The Navy on Monday reported three COVID-19 cases among sailors aboard the USS Theodore Roosevelt, which last year became the center of a massive coronavirus outbreak.
The Navy said in a statement that the three sailors had tested positive on Sunday and had not experienced any symptoms.
The sailors, as well as individuals identified as close contacts, are currently isolated on the ship following a contact-tracing investigation, the Navy said.
“The ship is following an aggressive mitigation strategy in accordance with Navy and [Centers for Disease Control and Prevention] guidelines to include mandatory mask wearing, social distancing, and proper hygiene and sanitation practices,” the military branch added.
“U.S. Pacific Fleet is committed to taking every measure possible to protect the health of our force,” the statement continued. “USS Theodore Roosevelt is currently underway and remains fully operational.”
The new cases come less than a year after an outbreak on the ship forced it to remain in Guam for nearly two months.
The coronavirus outbreak was the largest the military has seen since the start of the pandemic, with more than 1,200 aboard the ship testing positive and all of the 4,800 crew members sent ashore to Guam to quarantine for weeks, according to The Associated Press.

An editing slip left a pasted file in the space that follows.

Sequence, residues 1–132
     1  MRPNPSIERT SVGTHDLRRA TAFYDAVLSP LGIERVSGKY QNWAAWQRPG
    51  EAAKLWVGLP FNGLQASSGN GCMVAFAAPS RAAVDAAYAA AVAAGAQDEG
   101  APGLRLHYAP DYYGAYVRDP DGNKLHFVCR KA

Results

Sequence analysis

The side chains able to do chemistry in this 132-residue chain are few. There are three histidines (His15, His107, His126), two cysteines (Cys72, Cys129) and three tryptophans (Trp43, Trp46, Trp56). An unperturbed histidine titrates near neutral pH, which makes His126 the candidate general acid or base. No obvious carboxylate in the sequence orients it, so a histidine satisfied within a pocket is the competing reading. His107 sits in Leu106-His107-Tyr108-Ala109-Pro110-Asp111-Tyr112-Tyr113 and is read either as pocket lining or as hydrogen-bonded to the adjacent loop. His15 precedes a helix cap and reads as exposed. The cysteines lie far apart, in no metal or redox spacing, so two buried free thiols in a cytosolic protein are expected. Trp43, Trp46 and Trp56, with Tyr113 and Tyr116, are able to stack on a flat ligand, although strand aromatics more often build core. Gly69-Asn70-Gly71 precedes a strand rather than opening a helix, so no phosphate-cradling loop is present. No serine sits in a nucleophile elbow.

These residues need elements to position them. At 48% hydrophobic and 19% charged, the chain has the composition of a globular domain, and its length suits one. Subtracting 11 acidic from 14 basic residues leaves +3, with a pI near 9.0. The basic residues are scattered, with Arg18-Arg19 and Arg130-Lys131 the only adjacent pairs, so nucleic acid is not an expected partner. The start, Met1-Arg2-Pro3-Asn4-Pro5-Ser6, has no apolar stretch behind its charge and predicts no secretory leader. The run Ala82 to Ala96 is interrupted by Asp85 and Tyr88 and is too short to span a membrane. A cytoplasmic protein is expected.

The Pentagon’s inspector general last week released a report that accused the carrier's commanders of not keeping sailors in quarantine long enough and not strictly enforcing social-distancing rules, thus exacerbating the outbreak on the vessel.
Former acting Navy Secretary Thomas Modly defended his handling of the outbreak in a piece published last week in the U.S. Naval Institute’s “Proceedings” magazine.
Modly, who resigned last year amid backlash over his response to the onboard cases, lashed out at those who questioned his decisions while defending firing the ship’s popular commander, Capt. Brett Crozier, after a letter the captain wrote pleading for help with the outbreak leaked in the media.
Modly stepped down in April after firing Crozier and then flying to Guam to give a profanity-laced speech aboard the Roosevelt. In the address, Modly said the captain was “too naive or too stupid to be a commanding officer of a ship like this” if he thought his letter would not leak to the public.